Sunday, August 24, 2003

"I'm handing in my resignation. I want to quit while I'm ahead." --Aunty Nona Beamer, Hawaiian musical matriarch

Aunty Nona plans
to hang up her hula skirt

The songwriter and teacher
may perform for the last time
as her tour ends Saturday

PAHOA, Hawaii >> After 77 years of dancing, singing and playing the ukulele, Aunty Nona Beamer thinks it's time to get off the stage.

"I'm handing in my resignation," she says with a chuckle. "I want to quit while I'm ahead."

The songwriter, hula teacher and Hawaiian cultural authority turned 80 on Aug. 15, and expects her last performance will be on Saturday night at Diamond Head Theatre when she, son Keola, and other members of the Beamer family conclude a statewide tour that began in early July.

"I want to help in any way I can. Maybe I will dance sitting in a chair," she said, leaving the door for further performances slightly ajar.

Winona Kapuailohiamanonokalani Desha Beamer is the matriarch of the musical Beamer family and one of the world's foremost authorities on Hawaiian culture.

Known throughout the islands as Aunty Nona, she was born in Honolulu of Hawaiian, German, French, Scottish and Swedish ancestry, but was raised in Napoopoo in South Kona, where she recalls first performing at age 3. Her Hawaiian name is an ancestral name that comes from Princess Manono and means precious flower.

Her parents were Pono Beamer, a fisherman and songwriter, and his wife, Louise, a school teacher and kumu hula. Her paternal grandmother, and a major influence in her life, was Helen Desha Beamer, a prolific songwriter and kumu hula.

"I remember a very happy life in Napoopoo," she said. "It was a good life."

In 1949, Beamer began teaching Hawaiian culture at Kamehameha, and remained there for nearly 40 years. She also took over her mother's hula studio and taught hula in Waikiki for 30 years.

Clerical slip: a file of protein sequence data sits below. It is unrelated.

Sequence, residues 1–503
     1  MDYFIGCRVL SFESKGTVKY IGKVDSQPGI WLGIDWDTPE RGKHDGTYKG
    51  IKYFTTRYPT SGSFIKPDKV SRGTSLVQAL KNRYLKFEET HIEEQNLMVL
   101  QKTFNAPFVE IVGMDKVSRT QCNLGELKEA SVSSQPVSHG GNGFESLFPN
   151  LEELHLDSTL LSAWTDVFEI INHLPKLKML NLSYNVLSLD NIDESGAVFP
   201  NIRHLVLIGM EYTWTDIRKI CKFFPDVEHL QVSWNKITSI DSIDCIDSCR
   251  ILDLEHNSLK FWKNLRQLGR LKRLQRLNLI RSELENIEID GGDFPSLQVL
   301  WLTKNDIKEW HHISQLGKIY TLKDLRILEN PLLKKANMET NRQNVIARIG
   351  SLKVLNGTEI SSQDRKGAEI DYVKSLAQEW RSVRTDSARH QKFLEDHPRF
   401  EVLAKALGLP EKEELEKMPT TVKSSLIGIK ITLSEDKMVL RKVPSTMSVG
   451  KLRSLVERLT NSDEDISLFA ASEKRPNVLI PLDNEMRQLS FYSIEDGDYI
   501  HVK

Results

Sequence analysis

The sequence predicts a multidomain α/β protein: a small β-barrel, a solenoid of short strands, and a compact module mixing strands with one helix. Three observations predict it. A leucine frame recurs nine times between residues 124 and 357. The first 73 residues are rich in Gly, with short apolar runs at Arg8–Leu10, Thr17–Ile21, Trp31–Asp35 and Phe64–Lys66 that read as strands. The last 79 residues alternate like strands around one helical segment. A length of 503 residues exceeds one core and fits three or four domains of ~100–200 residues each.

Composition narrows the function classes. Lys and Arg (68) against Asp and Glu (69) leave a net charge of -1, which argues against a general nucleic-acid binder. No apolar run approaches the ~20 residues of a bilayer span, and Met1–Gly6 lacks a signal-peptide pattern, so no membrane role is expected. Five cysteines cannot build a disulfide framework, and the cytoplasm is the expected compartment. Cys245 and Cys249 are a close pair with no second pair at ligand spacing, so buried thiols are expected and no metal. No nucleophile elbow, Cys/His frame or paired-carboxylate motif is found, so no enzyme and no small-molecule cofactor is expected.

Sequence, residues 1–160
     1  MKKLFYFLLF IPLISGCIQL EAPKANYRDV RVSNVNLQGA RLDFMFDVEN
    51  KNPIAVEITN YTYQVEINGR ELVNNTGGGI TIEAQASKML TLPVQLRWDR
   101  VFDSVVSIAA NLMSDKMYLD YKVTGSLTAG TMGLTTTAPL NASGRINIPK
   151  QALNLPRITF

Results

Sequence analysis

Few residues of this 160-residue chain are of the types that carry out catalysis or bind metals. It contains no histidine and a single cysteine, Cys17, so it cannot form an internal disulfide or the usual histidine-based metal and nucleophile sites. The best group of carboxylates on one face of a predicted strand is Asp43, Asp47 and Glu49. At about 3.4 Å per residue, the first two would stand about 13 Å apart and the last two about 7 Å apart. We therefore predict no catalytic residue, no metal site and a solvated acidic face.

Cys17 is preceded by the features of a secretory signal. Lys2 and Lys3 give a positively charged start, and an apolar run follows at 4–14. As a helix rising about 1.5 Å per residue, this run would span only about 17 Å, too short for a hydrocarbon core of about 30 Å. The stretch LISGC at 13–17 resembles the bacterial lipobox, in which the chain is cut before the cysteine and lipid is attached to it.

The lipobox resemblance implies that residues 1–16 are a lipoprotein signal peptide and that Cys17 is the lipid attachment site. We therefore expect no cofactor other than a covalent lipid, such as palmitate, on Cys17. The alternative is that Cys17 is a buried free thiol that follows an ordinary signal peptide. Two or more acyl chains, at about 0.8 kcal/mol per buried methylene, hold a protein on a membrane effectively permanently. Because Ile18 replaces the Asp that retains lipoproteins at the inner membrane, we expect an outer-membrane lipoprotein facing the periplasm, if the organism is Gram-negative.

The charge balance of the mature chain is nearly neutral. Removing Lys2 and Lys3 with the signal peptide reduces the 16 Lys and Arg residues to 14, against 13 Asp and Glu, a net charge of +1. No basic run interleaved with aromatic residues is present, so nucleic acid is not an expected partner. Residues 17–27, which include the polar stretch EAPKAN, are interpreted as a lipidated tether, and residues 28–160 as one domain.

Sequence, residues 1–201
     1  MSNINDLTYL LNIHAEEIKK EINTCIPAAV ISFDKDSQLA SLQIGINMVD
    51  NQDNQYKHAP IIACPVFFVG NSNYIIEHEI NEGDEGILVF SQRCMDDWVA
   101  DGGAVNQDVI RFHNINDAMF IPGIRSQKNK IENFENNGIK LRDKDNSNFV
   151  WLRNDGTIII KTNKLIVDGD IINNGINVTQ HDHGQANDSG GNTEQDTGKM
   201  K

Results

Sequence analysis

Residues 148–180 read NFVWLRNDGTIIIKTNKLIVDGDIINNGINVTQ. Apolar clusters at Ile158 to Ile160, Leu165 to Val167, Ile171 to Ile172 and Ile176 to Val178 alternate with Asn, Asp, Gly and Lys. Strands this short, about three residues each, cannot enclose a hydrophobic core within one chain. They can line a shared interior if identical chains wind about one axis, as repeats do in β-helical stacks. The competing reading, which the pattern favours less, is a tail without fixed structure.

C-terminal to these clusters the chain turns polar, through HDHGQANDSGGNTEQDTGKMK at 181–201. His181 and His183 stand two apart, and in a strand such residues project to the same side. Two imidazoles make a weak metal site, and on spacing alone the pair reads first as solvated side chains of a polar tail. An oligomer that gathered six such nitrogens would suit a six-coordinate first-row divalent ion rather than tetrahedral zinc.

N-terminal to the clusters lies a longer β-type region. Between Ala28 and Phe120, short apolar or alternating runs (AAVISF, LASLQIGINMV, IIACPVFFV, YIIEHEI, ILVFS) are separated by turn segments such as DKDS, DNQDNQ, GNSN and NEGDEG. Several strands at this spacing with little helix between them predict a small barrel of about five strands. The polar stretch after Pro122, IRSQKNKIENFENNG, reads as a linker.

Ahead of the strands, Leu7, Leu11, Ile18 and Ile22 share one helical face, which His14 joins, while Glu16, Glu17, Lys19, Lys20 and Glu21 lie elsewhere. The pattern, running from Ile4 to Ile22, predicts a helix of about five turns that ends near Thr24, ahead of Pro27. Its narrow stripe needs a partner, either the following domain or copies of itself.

She lived at the Beamer Ranch in Waimea on the Big Island for a while, when sons Keola and Kapono were young.

"I wanted them to know their grandparents. They were good role models for my sons," she said. Beamer, now a resident of Hilo, also has a hanai son and daughter and a grandson.

Beamer's teaching career actually started at age 12 at the old Kakaako Mission School.

"We were teaching the old stories as a way of having children learn about their heritage," she said.

But the Hawaiian chants were "spooky" for the children, so she added a few musical notes.

"It was nothing great, but these songs made the history come to life for the children," she said. She can't remember how many songs she has written but said a lot were to illustrate lessons for children.

Since retiring as a classroom teacher, Beamer has remained active sharing her extensive knowledge of Hawaiian culture with various groups and at numerous workshops. At the annual weeklong Aloha Music Camp she operates with son Keola, Aunty Nona shares not only her knowledge of Hawaiiana, a term she coined in 1948, but her stories of growing up as a Hawaiian.

She is "a repository of knowledge," said Liko Puha, a chanter and student at the University of Hawaii-Hilo.

"It wasn't until I was about 70 that I felt I was doing good as a Hawaiian," Beamer said. "Now I can be proud to be a Hawaiian. It was a long time coming after years of feeling shame."

For the past 33 years, she has awarded scholarships to six Kamehameha seniors for college-level study in Hawaiian music and culture.

Twenty years ago, with Honolulu businessman Richard Towill, she started Ka Himeni Ana, an organization that holds an annual competition to encourage young musicians in what she called "soft Hawaiian music without amplification."

She also helped start the Hula Preservation Society, a nonprofit organization which works to preserve and perpetuate the native Hawaiian dance.

Beamer now plans to concentrate her efforts on development of a learning center on 20 acres of land in Honomu on the Big Island's Hamakua Coast.

The complex would include educational facilities, a dining hall and dormitories. She is seeking funding for the project, and plans eventually to deed the property in perpetuity to the Kamehameha Schools.

"I hope to have the music camp there in 2005," she said.


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